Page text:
This is a partial transcript from "The Journal Editorial Report," November 11, 2006, that has been edited for clarity.
PAUL GIGOT, HOST: Democrats picked up six seats in the Senate and nearly 30 seats in the House by exploiting consternation about the war in Iraq and the scandals that tarnished close to 10 Republicans in the House of Representatives.
Former House Majority Dick Armey wrote on our page this week that Tuesday's election marks the end of the Republican Revolution of 1994.
But for some conservatives on Capitol Hill, the defeat is being seen as an opportunity to return to the principles that brought them to power 12 years ago.
Joining us now is Arizona Republican Congressman John Shadegg, who announced this week that he will run for minority whip in the new Congress.
REP. JOHN SHADEGG, R-ARIZ.: Glad to be with you Paul.
GIGOT: One of the curiosities of this election is that a lot of conservatives came out to vote this time about the same, a little less, than in 2004. Except they didn't vote for Republicans in the same numbers this time. How do you get those voters back?
SHADEGG: I think we have to get them back by returning to the basics.
I ran as you know — you just mentioned — for majority leader, in the last cycle, in January. I made a case then that we had promised two things in the contract with America. We had promised to shrink the size and scope of the federal government. And we had promised to end the way Washington works, meaning to stop the corruption or the exercise of power by powerful members to benefit themselves.
I felt in January that we had let down America on both of those promises and disappointed conservatives. I think we did that. And now, I think, we have to get back to that basic agenda. We have to re-establish that we are the party of ethical government and that we set the highest possible standard and hold all of our members to it. I think we have to establish that we are, in fact, the party of small government, of limited government, of lower taxes and less regulation.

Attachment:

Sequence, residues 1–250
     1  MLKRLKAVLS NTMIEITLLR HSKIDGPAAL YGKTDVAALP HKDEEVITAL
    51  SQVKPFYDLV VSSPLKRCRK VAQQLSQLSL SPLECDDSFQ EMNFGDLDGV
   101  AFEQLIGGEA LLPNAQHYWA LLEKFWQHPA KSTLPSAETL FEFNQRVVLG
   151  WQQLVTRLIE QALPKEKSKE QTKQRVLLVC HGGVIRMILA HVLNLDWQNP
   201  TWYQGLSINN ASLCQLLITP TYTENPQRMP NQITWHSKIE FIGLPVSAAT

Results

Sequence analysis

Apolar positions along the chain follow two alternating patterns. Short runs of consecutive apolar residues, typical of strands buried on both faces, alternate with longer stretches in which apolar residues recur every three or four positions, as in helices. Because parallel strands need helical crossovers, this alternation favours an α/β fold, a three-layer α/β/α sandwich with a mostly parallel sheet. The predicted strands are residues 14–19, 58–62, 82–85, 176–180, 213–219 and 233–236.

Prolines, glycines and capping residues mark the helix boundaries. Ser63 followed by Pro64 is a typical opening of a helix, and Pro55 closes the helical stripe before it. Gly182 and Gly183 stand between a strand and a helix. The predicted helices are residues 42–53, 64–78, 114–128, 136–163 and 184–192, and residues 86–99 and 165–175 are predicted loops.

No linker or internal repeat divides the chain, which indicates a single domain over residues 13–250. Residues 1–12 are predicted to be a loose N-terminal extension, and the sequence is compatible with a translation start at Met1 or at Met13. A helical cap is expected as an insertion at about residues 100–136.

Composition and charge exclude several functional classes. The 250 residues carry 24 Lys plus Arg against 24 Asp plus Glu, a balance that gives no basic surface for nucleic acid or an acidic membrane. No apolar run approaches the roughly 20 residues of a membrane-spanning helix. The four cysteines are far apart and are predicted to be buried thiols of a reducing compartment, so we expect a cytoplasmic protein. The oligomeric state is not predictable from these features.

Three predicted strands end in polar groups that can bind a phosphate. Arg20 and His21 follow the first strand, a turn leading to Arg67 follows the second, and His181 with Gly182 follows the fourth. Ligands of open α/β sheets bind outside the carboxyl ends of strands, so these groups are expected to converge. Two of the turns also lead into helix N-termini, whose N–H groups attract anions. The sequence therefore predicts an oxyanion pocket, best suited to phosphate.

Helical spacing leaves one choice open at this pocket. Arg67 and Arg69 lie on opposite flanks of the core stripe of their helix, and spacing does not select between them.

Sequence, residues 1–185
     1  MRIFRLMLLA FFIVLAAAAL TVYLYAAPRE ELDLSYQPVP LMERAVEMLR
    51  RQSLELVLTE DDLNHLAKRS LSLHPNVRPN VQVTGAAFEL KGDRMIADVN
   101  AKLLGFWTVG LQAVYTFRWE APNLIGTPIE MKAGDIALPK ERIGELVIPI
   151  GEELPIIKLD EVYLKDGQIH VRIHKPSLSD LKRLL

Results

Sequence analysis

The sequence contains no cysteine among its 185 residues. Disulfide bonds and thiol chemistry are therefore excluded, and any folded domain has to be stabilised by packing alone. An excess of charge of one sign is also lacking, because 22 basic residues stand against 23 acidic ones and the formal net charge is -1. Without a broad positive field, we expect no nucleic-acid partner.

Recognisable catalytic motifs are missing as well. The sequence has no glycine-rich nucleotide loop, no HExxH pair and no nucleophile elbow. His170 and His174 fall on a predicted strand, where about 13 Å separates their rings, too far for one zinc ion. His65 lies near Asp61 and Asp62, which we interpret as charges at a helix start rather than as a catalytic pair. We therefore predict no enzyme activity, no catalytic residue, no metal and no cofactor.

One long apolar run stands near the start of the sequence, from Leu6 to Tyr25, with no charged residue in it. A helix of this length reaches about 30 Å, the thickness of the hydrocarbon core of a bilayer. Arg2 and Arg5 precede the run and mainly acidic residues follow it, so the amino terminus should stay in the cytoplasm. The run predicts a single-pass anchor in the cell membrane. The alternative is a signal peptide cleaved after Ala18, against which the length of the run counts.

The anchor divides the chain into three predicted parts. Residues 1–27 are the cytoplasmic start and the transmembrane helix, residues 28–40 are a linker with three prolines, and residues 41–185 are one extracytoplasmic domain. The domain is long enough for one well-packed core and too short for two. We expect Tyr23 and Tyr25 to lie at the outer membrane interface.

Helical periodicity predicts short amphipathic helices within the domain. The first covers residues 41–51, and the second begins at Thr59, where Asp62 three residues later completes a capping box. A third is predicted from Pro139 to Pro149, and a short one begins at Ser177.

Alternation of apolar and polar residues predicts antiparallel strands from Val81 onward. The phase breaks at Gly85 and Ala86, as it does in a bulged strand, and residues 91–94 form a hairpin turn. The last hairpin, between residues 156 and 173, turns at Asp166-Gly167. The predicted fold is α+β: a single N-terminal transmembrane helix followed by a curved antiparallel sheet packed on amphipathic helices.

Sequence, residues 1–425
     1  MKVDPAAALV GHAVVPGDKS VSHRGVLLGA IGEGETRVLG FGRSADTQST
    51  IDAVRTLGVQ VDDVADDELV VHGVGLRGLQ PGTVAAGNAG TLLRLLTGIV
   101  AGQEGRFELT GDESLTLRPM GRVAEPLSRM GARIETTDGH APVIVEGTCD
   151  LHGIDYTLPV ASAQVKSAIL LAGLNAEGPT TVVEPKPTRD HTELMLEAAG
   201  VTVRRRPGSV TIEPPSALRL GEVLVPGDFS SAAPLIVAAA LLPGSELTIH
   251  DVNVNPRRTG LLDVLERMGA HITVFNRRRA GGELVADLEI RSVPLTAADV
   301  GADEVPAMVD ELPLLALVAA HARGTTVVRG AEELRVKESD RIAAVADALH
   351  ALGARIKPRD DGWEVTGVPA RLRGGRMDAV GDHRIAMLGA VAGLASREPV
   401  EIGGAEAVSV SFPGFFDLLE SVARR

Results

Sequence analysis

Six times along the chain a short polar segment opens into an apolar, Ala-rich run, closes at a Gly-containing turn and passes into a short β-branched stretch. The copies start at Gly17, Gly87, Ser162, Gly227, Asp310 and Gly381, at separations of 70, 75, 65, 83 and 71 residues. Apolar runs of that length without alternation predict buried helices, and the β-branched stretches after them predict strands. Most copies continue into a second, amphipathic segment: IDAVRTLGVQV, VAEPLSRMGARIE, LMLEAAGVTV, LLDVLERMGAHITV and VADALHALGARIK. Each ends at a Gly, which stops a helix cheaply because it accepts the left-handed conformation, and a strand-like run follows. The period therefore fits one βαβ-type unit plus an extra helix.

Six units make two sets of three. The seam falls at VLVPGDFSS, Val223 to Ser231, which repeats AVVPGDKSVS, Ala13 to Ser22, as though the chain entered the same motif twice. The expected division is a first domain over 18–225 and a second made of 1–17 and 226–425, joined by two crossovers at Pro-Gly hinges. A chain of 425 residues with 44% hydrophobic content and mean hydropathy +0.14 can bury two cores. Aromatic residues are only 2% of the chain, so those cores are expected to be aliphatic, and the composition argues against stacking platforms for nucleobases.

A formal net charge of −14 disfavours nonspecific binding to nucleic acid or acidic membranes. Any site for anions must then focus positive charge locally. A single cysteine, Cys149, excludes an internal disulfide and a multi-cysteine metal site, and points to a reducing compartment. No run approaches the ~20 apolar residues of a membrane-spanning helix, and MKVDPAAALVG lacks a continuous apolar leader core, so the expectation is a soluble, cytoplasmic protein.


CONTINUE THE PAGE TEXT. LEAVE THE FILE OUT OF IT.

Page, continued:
The Democrats have made the claim that they are that party and they have hit us for spending. I think, within a matter of weeks, you're going to see the Democrats back in the big spending game. We have to make that case to the American people and we have to show them that our agenda, the American agenda that the Republicans have advanced, matches the hopes and aspirations of the American people.
Whereas, the democrats weren't elected on an agenda. They didn't even really articulate an agenda. They just articulated the agenda we were wrong.
GIGOT: But, Congressman, as you say, you ran in January for majority leader. But you lost. Are you hearing from your colleagues now that they're more receptive to that message? Because you ran on that same message in January. Are they going to listen now that they've been defeated?
SHADEGG: Well, we'll find out next Friday. That's when we hold our elections. And, I think, that's when we've got to send a signal to the American people that we get it. We have to change. We have to get back to those basics.
I am encouraged by what I am hearing from members. I think they understand it. I think they recognize that there was a lot of drift.
To some degree, I think we were playing, not to lose. We weren't playing to win. And we weren't pushing the agenda that we were sent here to push. And we weren't driving forward as we should be.
We became comfortable in power. And I think our members understand that. I hear it from the ones I'm talking to. And I'm encouraged. And, of course, that is what we have to do.
GIGOT: Do you think they understand that this process of earmarking, which are special spending projects in home districts, has really been corrupting? Do they understand that that was a real big problem now and has led to some of these scandals? Are they ready to clean that up?
SHADGG: They absolutely understand it. Even the people who have been resisting earmark reform, and people who have been earmarking in the past, understand that that doesn't work.